mayakittenreads: (GirlReading)
I was part of it.

The news broke, at least for me, on Sunday Australian time. A young man had gone on a shooting spree in the USA. You can read about it on any news site, but try this article for an overview.

Before this, he had uploaded vile and mysoginistic rants and manifestos to the internet. Yet the media blames the fact that he had Aspergers Syndrome, calling him crazy. This ignores the evidence that he himself left plenty of.

By Sunday afternoon the rage and fear of women all over the world had built to the point that it exploded all over Twitter using the hastag #YesAllWomen.

Flicking through my twitter feed, I saw multiple people tweeting a quote from Margaret Atwood. A quick google indicates that it is a slightly adjust quote based on a paragraph from her lecture Writing the Male Character (1982)

All men are afraid that women will laugh at them. All women are afraid that men will kill them.

I wondered at the implication that went with #YesAllWomen. Could I really say that all women had experienced some form of harrasment. Had felt threatened by men. I've lived a fairly privileged life. Had I experienced this?

30 seconds later I remembered the incident from 7 or 8 years ago when three teenage boys burned my hair with a lighter while I was sat towards the back of a base. I remembered the fear because while younger than me, they were bigger, stronger and there were more of them. The paralysing fear that prevented me from telling the bus driver what happened when she came to the back of the bus to investigate the smell. The feeling of ickiness when they got off the bus an one turned and smirked at me. The shakiness when I finally got home and called the police to belatedly report it.

Even now, years later and in a different city, I don't sit at the back of the bus unless the front is full.

So I joined the rage on Twitter. I tweeted.

Elanor MattonJohnson @ImpyMJ May 24

I've been incredibly lucky, but even I've had my hair set on fire on a bus for male amusement.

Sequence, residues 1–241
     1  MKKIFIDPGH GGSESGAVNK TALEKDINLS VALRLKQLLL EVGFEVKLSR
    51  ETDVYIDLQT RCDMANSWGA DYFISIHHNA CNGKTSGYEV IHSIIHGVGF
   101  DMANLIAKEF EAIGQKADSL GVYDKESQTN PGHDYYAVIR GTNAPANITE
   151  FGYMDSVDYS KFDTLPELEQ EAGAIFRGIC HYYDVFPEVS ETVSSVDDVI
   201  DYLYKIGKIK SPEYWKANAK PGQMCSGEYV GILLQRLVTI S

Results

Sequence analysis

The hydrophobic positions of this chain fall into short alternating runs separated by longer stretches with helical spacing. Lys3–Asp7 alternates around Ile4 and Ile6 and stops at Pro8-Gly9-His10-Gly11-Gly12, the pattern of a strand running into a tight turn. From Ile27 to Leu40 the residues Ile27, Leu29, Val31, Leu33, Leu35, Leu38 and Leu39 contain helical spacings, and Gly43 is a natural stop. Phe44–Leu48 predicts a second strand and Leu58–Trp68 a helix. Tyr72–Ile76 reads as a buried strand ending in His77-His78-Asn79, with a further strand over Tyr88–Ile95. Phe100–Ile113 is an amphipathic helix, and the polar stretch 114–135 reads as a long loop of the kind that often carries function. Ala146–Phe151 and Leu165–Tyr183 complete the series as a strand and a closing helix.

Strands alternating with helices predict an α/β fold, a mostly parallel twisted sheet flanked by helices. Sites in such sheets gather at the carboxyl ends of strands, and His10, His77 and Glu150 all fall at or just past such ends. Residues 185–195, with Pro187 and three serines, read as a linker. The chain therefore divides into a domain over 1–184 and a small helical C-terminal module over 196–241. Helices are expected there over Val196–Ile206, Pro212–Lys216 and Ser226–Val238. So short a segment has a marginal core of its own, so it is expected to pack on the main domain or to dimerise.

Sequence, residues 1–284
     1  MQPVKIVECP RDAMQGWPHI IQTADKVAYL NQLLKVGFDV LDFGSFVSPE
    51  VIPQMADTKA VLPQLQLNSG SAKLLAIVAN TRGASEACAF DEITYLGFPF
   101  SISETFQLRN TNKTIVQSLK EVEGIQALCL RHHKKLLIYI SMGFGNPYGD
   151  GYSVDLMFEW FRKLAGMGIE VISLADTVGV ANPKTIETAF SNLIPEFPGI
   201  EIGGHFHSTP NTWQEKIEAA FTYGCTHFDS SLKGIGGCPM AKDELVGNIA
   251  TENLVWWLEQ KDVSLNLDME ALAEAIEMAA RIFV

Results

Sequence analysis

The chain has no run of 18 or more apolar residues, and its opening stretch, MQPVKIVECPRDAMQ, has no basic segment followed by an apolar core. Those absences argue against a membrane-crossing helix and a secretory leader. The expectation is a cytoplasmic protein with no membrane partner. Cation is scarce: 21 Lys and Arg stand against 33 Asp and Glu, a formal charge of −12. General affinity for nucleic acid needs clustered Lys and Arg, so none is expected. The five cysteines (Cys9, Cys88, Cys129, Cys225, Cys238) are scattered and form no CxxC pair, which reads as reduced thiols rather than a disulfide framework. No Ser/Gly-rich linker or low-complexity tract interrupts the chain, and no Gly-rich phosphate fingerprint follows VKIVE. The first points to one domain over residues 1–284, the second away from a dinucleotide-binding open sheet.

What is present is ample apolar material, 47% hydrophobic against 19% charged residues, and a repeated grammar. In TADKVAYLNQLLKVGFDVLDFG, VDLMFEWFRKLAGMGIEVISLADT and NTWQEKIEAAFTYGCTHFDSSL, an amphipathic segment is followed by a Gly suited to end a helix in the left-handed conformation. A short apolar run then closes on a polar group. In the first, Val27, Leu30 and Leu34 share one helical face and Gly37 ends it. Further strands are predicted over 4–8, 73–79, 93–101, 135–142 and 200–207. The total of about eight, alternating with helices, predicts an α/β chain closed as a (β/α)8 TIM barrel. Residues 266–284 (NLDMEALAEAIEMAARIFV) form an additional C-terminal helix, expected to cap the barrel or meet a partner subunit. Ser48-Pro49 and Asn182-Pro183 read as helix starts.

[ profile] fluffmittenhad to point out to me that the patriachy had trained me so well that I was basically accepting a physical assault because thank goodness it was a sexual assault.

This is the way we bring up our girls. To expect violence and be grateful that it wasn't worse. To expect to have to take security precautions for ourselves rather than rely on men to be good people.

All we're asking is to be treated as human beings.

Since then, with the rage simmering in my head, I've realised that while I can probably count the times I've been clubbing on my fingers, I can also recall multiple experiences while clubbing where I had to remove myself from unwanted wandering hands.

Friends ask me if I'm sure I want to walk home after dark, even if it's only 20 minutes away in a quiet neighbourhood.

A lift full of men puts me on the defensive immeadiately.

Why do I have to live like this? With fears that are so ingrained that half the time I don't realise that they're there?

Ruby Hamad outlines the issues and the reasons that the anger of so many women was triggered by this example of what evil our society has wrought for The Drum - She's a wee bit more eloquent than I feel capable of right now.

I flounder a lot, wondering what on earth I can do against a problem so ingrained in society. But as I said on Twitter on Sunday night, I need to have hope, even if it's just a small flicker. I can't change society, but I can make myself aware. I can retweet and blog links to people who write sensible, thought provoking blogs covering a myriad of issues regarding sexism, racism, ablism... anything that means people are being treated as 'lesser'. I can recognise and work to change my own prejudices and position of privilege. I can focus on spreading awareness of women in speculative fiction, because I may not be able to change the world, but I can try and have an impact on my little corner of it.